The Medicines & Healthcare Regulatory Agency has released an urgent safety notice published by the makers of the Birmingham Hip Modular Head (BHMH)
A Government regulator has put out an urgent notice after the makers of a replacement hip known as a ‘Birmingham Hip Modular Head total hip replacement’ revealed it was performing much worse than previously thought, following extensive research.
The Medicines & Healthcare Regulatory Agency (MHRA), which regulates medicines and medical devices in the UK, today released an Urgent Field Safety Notice published by Smith & Nephew Orthopaedics Limited the makers of the Birmingham Hip Modular Head (BHMH) total hip replacement.
As one of the controversial ‘metal on metal’ hip prostheses, Smith & Nephew have already published two previous Field Safety Notices, which are sent out by manufacturers to warn users of potential problems, in relation to the BHMH.
These were published in October 2012 and May 2013.
According to lawyers acting for over 700 perople taking claims against manufacturers for allegedly fauly replacement hips, this latest notice goes significantly further in outlining the true scale of the problem affecting the BHMH device which was phased out of use in mid-2014
Having previously accepted that research showed a “decline in the performance of BHMH” and that “patients implanted with the BHMH device may be at greater risk of revision surgery”.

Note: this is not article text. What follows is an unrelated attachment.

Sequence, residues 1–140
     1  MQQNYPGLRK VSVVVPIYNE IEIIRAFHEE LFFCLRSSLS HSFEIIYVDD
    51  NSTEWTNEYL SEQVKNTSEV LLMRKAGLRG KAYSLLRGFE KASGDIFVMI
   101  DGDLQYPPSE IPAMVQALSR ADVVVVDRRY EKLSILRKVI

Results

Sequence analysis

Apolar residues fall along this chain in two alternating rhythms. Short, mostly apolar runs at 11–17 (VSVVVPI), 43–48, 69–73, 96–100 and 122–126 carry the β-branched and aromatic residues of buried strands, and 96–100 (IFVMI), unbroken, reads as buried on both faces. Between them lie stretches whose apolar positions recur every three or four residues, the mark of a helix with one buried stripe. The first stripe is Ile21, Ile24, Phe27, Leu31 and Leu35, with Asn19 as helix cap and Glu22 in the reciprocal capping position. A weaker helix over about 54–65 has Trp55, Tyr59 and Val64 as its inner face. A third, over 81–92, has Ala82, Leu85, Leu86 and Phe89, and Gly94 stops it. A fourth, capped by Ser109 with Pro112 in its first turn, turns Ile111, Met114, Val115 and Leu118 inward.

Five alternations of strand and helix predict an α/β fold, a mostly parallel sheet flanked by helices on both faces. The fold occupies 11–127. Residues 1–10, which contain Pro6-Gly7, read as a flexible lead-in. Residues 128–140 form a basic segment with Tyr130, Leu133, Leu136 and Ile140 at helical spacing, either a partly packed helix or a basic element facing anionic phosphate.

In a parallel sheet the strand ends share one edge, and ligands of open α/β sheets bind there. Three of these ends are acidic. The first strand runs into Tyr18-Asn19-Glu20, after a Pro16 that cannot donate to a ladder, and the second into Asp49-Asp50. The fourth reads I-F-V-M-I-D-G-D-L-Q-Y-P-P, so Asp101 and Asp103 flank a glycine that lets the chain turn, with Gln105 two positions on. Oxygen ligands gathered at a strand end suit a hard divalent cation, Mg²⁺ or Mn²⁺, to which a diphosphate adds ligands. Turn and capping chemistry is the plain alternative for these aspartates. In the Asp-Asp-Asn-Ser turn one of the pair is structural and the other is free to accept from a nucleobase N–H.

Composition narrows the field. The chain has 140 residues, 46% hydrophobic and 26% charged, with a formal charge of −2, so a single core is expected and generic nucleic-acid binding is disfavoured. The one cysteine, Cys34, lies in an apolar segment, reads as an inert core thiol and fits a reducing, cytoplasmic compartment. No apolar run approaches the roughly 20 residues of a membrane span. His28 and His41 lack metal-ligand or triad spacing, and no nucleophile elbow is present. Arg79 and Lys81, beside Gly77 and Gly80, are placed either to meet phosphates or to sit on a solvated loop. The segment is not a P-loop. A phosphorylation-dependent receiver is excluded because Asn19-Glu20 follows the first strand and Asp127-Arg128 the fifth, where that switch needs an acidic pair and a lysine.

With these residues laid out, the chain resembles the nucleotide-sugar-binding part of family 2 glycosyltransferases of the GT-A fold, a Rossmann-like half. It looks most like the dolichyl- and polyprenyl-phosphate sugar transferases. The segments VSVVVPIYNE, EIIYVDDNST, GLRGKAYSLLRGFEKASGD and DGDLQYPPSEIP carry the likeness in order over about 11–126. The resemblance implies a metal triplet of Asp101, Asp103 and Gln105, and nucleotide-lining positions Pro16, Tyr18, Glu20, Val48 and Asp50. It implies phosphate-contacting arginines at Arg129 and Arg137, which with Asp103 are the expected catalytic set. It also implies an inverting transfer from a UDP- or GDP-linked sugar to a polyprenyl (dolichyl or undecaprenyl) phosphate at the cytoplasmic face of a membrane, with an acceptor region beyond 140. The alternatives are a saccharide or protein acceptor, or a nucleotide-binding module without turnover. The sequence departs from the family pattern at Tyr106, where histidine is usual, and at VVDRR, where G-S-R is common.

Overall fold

Today’s latest notice from Smith & Nephew explains that they have received a report of a clinical study conducted in the UK, analysing the clinical results of a group of patients who had been implanted with BHMH hip replacements using the Smith & Nephew Synergy femoral stem.
The study apparently shows that 43.7% of the patients were found to have levels of Cobalt and Chromium (the metals the BHMH is made from) above 7 parts per billion, and that the study indicates that there is “a potential increased risk” of metal debris release at the femoral head / stem junction.
The MHRA has previously issued guidance advising that metal on metal hip patients with Cobalt and Chromium levels above 7 parts per billion should undergo further investigation to ascertain the performance of their hip replacement.
Smith & Nephew’s statement includes data fromJanuary 2015 showing that the BHMH has a failure rate of 10.6% at 6 years follow-up.
The National Institute for Health and Care Excellence (NICE), who are tasked with advising the NHS on effective healthcare products, currently advises that only hip replacements with a failure rate of 0.5% or less per each year of follow-up should be implanted in NHS hospitals. This new data suggests that the BHMH has over a 3 times higher failure rate at 6 years follow-up than is regarded as acceptable for use in the NHS.
As a result of the above, Smith & Nephew recommended that BHMH patients are followed-up by their surgeon as appropriate.
Leigh Day currently represents approximately 35 patients who have required early revision surgery to remove their BHMH hip replacements.
Proceedings were first issued against Smith & Nephew Orthopaedics Limited on 7 August 2013. These patients were found to have adverse reactions to metal wear debris, and have suffered greatly as a result of the early failure of their BHMH hips.
Many live with long-term damage to their hips which continues to limit their quality of life long after the BHMH hips have been removed.
If you have been affected by a BHMH and would like to discuss joining the action being brought against Smith & Nephew Orthopaedics Limited please call our team of experts.
The Notice does not relate to the Birmingham Hip Resurfacing.